If you want to get an early jump on hunting mature bucks this fall, focus on the dominant family groups of does. They are the ones that are most likely to go into estrus first.
The clear foundation of this article was set back in my high school days while fur trapping to stock the college fund.
Having begun my self-taught trapping lessons at 10 years old, the first few years involved a lot more slogging through swamps and digging in the dirt than actually dealing with fur. Sure, my catch increased once I started figuring out the true mechanics of trapping, but it was when I began learning all I could about the animals I was chasing that my catch took the biggest jump. Later on, it only seemed sensible to apply that same process to deer hunting.
If it wasn’t for that, I doubt I’d have ever paid enough attention to notice, let alone connect all the dots on how to use understanding family groups to take educated guesses on which ones to hunt, and when, during the rut. That, my friends, is what we’ll be covering in this article. However, I hope that this piece also helps show how learning all you can about deer helps take the game to the next level.
Before I jump in, I should take a second to say that what I’m about to cover won’t work for everyone, in every situation, at every turn. No, this tactic applies only in very specific situations. That said, even if you can pull this out of your bag of tricks only a couple of times over the rest of your hunting days — if it helps you connect on Mr. Big — I’m betting you won’t regret the time spent reading this article.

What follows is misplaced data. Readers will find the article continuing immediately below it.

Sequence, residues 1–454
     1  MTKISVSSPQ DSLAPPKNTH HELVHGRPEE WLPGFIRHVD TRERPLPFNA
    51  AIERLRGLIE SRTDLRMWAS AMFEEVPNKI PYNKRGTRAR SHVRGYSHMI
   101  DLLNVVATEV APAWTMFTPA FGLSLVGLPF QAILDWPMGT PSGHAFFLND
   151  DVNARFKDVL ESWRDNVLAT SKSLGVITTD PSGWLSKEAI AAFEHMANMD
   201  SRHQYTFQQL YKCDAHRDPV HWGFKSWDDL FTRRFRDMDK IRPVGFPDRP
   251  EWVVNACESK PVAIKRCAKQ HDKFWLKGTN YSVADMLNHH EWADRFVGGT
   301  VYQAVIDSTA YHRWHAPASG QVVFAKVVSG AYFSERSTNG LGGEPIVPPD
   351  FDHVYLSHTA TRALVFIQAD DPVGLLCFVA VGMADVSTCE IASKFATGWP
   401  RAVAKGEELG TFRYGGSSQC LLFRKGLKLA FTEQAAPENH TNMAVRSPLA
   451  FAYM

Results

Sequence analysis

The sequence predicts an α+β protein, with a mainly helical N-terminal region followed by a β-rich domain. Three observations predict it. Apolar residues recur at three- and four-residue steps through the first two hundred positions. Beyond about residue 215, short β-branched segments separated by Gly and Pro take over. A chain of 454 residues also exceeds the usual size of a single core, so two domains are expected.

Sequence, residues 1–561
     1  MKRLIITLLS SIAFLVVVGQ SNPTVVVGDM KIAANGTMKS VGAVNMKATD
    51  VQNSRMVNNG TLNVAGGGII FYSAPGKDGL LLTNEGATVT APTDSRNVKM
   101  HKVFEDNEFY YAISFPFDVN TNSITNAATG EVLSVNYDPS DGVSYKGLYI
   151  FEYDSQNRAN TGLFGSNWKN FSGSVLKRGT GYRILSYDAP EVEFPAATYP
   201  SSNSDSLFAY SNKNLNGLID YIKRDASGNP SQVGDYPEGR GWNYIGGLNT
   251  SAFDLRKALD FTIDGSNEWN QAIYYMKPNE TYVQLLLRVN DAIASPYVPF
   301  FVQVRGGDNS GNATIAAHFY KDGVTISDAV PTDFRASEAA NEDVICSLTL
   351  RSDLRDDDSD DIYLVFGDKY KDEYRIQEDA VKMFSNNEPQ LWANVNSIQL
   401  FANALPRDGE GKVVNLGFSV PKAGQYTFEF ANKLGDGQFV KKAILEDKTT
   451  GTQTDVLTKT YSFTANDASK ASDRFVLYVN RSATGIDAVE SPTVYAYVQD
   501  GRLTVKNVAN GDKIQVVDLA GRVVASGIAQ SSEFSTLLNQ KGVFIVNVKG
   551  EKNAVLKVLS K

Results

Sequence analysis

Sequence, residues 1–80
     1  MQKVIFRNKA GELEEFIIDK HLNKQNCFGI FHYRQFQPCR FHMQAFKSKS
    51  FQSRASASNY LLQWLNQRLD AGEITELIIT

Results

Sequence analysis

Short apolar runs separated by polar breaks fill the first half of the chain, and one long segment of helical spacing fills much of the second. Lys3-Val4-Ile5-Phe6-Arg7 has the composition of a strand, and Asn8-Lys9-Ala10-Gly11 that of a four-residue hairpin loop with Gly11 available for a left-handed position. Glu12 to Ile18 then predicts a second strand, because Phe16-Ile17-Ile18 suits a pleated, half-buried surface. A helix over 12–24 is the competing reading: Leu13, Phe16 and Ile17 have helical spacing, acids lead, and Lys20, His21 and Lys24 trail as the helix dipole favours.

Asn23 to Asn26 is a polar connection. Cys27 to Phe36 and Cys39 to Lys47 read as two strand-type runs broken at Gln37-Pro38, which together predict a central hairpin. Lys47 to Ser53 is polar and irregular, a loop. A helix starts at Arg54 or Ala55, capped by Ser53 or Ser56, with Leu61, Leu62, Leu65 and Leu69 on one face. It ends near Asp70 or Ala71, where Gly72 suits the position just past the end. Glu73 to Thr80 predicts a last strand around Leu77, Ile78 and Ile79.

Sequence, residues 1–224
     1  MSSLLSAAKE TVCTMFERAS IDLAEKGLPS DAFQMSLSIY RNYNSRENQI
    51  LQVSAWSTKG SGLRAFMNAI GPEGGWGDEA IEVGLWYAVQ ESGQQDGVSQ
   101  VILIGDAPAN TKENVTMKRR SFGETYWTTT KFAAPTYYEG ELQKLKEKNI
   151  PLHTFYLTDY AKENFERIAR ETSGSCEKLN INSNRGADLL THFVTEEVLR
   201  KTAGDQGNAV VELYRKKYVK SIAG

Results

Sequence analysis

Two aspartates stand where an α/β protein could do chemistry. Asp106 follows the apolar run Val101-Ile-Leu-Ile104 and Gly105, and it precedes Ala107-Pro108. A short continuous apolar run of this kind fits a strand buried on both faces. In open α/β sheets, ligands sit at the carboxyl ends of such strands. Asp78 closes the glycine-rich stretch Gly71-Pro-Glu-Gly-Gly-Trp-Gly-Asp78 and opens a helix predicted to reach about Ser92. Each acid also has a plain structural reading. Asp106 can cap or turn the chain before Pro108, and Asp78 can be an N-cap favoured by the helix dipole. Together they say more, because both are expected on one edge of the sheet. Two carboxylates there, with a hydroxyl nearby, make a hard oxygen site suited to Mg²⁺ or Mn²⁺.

WATCH: 2017 Rut Predictions: 3 Things You Need to Know
UNDERSTANDING THE DOTS
The first step is grasping a bunch of seemingly unrelated topics. Look closer and I bet many of you will connect them yourselves. Though the amount of daylight in the 24-hour cycle is the most powerful impactor of the timing of estrus in adult Midwestern and Northern does, the health of the doe plays a role, as well.
The healthiest, prime-aged does tend to come into estrus early, while unhealthy, physically stressed does tend to enter estrus later. Doe fawns must meet physical and physiological thresholds to achieve estrus their first year. For them, whether they’ll achieve estrus and its timing is based on when they reach a specific maturity threshold and their overall health.